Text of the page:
The health department said Wednesday that about 29,300 people have started the patient registration process. Of those, almost 4,600 have submitted a complete application. Qualifying patients pay an annual fee of $100 for a marijuana card and need a doctor’s written certification.

Epileptic mom who used marijuana raising funds to fight charges [AL]

The 25-year-old suffers from epilepsy so severe that she can’t drive safely or hold a job. When she found out she was pregnant, she went off her anti-epilepsy drugs – which have been linked to birth defects – and began using marijuana to prevent seizures. She was arrested a couple weeks after the December 2014 birth of her son because they both tested positive for marijuana. Alabama is one of a handful of states where mothers can be prosecuted for exposing an unborn child to illicit drugs under the state’s chemical endangerment of a child law.

In Medical Marijuana States,’ Pot Doctors’ Push Boundaries [NYT]

Colorado physicians are barred from working out of dispensaries or having any financial stake in the marijuana business. As in other states, they’re required to examine patients in person once a year. The Colorado Medical Board says it has sanctioned at least six physicians since 2009 for violating pot regulations, though details of those cases aren’t public. In 2013, one physician received three years’ probation after being convicted of making an improper pot recommendation to an undercover police officer.

A Point of View: The all-American drive to legalise marijuana [BBC]

As with all start-ups, market lore prevails. Lore and language. No more Cheech-and-Chongs with reefers and doobies. Instead, company directors talk of “exciting new user demographics” and “the high-end luxury consumer package good” and that most magic consumer word of all – choice. The little bag of weed or lump of hash changing hands on the street has grown into a shop wall of dozens of varieties, quantities and strengths.

Weed with your wine? B.C. liquor stores want to sell marijuana [CTV]

Smith says their plan will ensure that non-medical marijuana is sold through controlled channels in a socially responsible way across the province.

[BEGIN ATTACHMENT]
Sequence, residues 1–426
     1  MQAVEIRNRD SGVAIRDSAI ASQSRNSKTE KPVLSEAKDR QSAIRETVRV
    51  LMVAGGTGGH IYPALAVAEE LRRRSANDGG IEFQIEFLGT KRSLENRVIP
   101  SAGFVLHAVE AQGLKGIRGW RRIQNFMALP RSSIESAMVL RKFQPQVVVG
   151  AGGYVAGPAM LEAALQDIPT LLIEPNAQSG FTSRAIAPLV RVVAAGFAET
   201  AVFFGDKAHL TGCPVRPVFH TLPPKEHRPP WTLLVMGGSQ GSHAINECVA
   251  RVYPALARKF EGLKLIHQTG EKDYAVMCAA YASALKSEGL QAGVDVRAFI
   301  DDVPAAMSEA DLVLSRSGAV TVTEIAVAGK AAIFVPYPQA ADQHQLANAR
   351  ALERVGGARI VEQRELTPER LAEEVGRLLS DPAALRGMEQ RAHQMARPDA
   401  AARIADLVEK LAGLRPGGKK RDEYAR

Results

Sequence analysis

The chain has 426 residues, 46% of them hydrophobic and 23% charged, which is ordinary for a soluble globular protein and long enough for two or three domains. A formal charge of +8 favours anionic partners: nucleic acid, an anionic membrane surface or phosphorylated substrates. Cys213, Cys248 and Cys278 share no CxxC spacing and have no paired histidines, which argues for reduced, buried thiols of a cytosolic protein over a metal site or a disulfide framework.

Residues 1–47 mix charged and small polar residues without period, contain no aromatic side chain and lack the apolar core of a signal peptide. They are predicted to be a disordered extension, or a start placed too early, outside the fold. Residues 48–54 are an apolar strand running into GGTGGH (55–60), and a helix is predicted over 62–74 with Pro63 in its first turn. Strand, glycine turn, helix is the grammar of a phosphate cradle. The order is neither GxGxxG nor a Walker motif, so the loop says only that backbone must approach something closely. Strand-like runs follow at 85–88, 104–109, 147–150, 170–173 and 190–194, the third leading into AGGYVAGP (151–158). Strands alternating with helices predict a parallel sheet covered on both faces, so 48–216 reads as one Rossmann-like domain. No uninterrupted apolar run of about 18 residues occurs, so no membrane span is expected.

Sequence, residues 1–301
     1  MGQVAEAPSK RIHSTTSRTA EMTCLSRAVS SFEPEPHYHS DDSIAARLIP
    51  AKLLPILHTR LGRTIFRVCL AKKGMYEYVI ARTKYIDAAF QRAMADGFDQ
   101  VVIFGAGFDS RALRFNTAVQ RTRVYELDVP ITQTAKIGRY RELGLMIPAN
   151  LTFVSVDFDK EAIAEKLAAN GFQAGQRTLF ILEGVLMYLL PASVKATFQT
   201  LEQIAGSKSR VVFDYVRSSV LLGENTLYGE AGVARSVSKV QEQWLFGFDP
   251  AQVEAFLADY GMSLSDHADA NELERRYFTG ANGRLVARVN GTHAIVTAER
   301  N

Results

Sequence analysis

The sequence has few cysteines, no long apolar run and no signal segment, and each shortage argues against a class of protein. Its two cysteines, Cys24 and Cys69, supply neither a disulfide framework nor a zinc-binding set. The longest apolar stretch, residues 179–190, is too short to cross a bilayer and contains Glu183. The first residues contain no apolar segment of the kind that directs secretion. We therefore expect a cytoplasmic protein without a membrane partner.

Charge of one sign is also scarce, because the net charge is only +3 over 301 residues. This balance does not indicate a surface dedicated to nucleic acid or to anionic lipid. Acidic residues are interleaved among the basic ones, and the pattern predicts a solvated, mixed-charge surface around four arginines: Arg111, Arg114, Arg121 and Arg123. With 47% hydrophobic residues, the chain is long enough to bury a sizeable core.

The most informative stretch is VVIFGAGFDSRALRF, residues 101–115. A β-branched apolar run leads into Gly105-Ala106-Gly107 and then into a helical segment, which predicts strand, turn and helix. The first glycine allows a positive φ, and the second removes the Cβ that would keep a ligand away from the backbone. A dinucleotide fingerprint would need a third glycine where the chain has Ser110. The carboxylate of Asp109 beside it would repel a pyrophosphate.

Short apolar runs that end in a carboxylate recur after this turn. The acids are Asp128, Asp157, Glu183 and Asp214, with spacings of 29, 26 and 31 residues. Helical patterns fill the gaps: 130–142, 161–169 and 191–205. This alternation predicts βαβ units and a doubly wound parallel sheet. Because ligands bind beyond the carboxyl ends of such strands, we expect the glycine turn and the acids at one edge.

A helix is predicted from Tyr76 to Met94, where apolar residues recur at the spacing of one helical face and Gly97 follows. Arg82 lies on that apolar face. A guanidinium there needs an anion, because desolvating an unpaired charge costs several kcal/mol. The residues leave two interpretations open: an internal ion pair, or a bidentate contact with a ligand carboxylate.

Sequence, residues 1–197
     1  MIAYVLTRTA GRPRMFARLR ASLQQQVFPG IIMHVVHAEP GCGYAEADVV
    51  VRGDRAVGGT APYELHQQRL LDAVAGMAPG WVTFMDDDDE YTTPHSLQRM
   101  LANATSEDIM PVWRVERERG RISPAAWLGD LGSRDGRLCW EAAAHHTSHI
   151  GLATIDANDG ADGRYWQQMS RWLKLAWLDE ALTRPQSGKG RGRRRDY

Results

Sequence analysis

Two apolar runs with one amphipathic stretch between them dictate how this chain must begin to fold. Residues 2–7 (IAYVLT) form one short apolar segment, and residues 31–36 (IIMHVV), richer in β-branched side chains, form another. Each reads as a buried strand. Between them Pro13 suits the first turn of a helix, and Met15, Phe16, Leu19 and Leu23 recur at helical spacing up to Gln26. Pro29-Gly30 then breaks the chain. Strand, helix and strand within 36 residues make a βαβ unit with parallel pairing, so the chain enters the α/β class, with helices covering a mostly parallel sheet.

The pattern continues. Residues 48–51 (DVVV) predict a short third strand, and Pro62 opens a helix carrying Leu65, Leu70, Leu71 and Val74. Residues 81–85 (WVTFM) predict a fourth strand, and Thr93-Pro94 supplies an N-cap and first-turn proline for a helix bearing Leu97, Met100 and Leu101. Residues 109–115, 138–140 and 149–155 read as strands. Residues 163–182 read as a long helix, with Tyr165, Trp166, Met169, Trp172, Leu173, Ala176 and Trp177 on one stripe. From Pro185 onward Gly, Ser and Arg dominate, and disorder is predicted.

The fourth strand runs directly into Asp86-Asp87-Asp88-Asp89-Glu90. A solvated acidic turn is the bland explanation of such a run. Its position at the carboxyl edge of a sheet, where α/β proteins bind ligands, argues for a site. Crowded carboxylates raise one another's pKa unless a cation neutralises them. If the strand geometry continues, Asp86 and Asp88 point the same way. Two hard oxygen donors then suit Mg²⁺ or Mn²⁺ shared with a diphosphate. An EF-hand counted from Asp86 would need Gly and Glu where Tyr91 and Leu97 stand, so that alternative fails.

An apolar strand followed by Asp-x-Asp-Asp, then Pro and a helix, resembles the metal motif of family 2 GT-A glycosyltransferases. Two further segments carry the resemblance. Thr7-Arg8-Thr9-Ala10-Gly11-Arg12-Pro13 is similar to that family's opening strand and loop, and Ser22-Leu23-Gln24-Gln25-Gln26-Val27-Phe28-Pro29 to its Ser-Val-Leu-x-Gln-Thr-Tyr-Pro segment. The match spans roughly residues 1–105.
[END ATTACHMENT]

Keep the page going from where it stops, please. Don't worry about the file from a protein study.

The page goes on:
“Liquor stores provide the most strictly controlled system for accessing a controlled substance, and are best suited for the retailing of non-medical marijuana. (ED: The term ‘non-medical’ refers to the use. All Cannabis is medicinal and arguably, so too is all its use. Cheers.)

Local councils call for regulated marijuana growing to keep out criminal gangs [Dutch News]

Marijuana may be legally sold in small quantities in the Netherlands via licensed cafes, known as coffee shops, but the supply remains a grey area and in criminal hands. ‘The current situation cannot continue,’ the report states. ‘As local officials, we are experiencing major social problems.’ ‘By turning a blind eye [to marijuana], the government is giving criminals free rein to sell their products. The cannabis industry is closely entwined with organised crime, which is also involved in ecstasy and human trafficking,’ the report says.

Canadian company’s marijuana-infused coffee pods ready for brewing [CBC]

Paul contends the product should be allowed on the market because it offers many advantages over smoking pot. For starters, he says, patients won’t suffer the potentially ill effects of inhaling a burning substance. “As a pharmacist, how could I condone smoking? I’m a health-care person,” he says. He also claims medicinal users will be able to control their dosage because the pods will contain a standardized dose of THC, the active ingredient in cannabis. Paul adds that the product will provide a more socially acceptable way to consume marijuana compared to smoking. “You could use it at work, at home, or in public areas,” he says

Marijuana tourism’s reach expands [Boston Globe]

For somebody who’s, say, in their mid to late 20s, who enjoys cannabis, the idea that they can go somewhere where they can do it legally and aren’t going to be treated as a criminal for doing something that’s demonstrably less dangerous than drinking alcohol — that’s appealing.

Please Note: The opinions and proposals within the information presented, in this and all previous issues of the headlines, are not necessarily the views shared by the Nimbin HEMP Embassy. Readers are advised to voice their opinions at the source of the article, comment on the HEMP Embassy and affiliated facebook pages, respond via email, phone, webcam or in person.


Wave Share